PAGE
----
I really wanted to like this play. And I did—to a point.  I’ve been wanting to see it since I first heard it’s crazy title when it was on Broadway three years ago.  Some of that desire on my part had to do with the colorful moniker, but most of it had to do with that New York cast.  I love me some Bobby Cannavale and Chris Rock!  How could it not be a laugh riot with guys like that?!

But it wasn’t, at least not in this production at The Lost Studio in Hollywood. This L.A. cast is comprised of all good actors, (the three men in the show each have film and television credit lists that take a day to read!,) but no one comes close to what I imagined those original two to have created, whether or not my assumptions are correct.

The men of the cast, clockwise from top: Alex Desert, Christopher Amitrano, Shaun Duke.  Photo by Zac Titus.

The men of the cast, clockwise from top: Alex Desert, Christopher Amitrano, Shaun Duke. Photo by Zac Titus.

The lead guy, Christopher Amitrano, did grow on me, though.  By the end, I was a fan.  Of his, not the play itself, nor this production.  Still, if like me, you’ve been interested to see The Motherf**ker With The Hat, and you live in/around the area, this is your best chance. It’s entertaining enough, but there are several slight negatives, that all interfered with my enjoyment of the show on opening night.

The worst part of this production at The Lost Studio is the staging; it’s all wrong.  This Equity Waiver theatre has the biggest stage area of all the little theaters around town, (that I’ve seen, anyway,) yet the crew moves the set between every scene, rather than leaving the few pieces of furniture set-up in the three different areas used, and lighting them accordingly.  All that superfluous movement is ridiculous. But at least they play good music during each black-out for the change, so there’s that.

Speaking of the theatre itself, rather than the play, it has horrible sight lines.  I couldn’t see over the giant head of the man in front of me, so the show was almost like a radio play for me.  They should have staged it all much further back, so it would be easier for everyone who was not in the front row to see, especially because they had several parts of scenes on, or near, the floor!  It was extremely difficult to get a consistent visual going. (And, because I actually care about people who sit behind me, I felt awful that I had to keep moving my head to try to see around the man’s. That took a lot of my attention away from the action on stage.)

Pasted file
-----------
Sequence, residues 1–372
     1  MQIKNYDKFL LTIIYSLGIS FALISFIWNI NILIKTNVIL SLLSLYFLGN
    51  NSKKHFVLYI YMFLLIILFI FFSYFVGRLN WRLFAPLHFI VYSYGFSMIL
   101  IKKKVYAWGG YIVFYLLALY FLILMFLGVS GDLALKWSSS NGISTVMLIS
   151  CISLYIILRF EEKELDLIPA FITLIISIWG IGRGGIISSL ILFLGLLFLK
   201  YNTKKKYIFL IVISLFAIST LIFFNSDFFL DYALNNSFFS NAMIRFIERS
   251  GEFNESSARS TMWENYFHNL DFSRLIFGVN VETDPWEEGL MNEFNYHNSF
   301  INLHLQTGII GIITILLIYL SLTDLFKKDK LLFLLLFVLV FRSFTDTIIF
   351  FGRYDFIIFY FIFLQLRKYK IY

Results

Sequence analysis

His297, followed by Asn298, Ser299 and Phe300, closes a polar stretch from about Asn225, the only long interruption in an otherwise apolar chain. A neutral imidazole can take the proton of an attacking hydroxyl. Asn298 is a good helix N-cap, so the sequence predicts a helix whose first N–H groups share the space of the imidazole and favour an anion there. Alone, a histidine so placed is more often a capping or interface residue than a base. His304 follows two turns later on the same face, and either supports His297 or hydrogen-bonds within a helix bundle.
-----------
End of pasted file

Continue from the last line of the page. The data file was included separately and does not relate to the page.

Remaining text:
And then, I could barely hear the actors over the air-conditioning, but we all would have died if they had shut it because it was so hot in there. So, that’s a conundrum. Have a bunch of dead audience members who can hear, or alive ones who have to try hard to make out much of the dialogue. Toss-up?

The play is more about the journey than the destination, which is fine with me.  It did keep me wondering how it could possibly be resolved, which was a good thing, but then it just kind-of ended, which I didn’t like.  I never want to continue a script on my own–that the playwright’s job, not mine.

And, if you’re not a fan of the F-word, this is the wrong show for you. I actually didn’t mind that at all, and knew it was totally necessary. I’m from New York, so it was no biggie whatsoever. (As a matter of fact, after spending a day with Mr. X and me once, one of my pals declared, in her inimitable Brooklyn accent, “It’s not like you guys are even fighting; it’s more like you’re just cursing each other out!” And? Your point is???)

Here are the final two problems with this production: They say it’s an hour and forty-five minutes, with no intermission, but we had it clocked at closer to two hours. It can easily lose a good fifteen minutes or so. The other is that they have a black actor play the cousin of the main dude who’s white, (or maybe Puerto Rican?,) which is a tad confusing. I didn’t know if that was supposed to be part of the story or not, so it distracted me quite a bit. They were both excellent, though, so I guess that explained the casting. (And you all know that I can’t wait for the day when I can star in A Raisin in the Sun, don’t you?! That won’t be too confusing, will it?)

Speaking of the actors’ abilities, I have no complaint in that category. All five of them were of a much higher caliber than I’ve seen in other Equity Waiver productions around town. None of them pulled me out of the action. (I would have just liked to see them better, to really enjoy their performances to the hilt.) [Note: None of the actors’ credits are in the written programs, which, though clever, is a bit disappointing. They instead have their “gratitudes” listed. Trust me, I’m the first one to appreciate gratitude of any kind! I would have just liked to see their careers get their printed due, as well.]

The story itself, about a recently-released-from-jail-druggie, (courtesy of playwright Stephen Adly Guirgis,) is kind-of interesting. The opening night audience had some good laughs, and even I had a few.

So, if the purpose of the show is to showcase good, professional actors, (for example, Alex Desert, who plays the cousin, was a regular on Becker,) and entertain a hip-enough audience, it accomplishes all that. And, for the low price, it’s a great week-end night of entertainment. Just get there early, so as to get the best seat possible.

The Motherf**ker With The Hat running through August 10, 2014
The Lost Studio 130 South La Brea Avenue 323-366-2460


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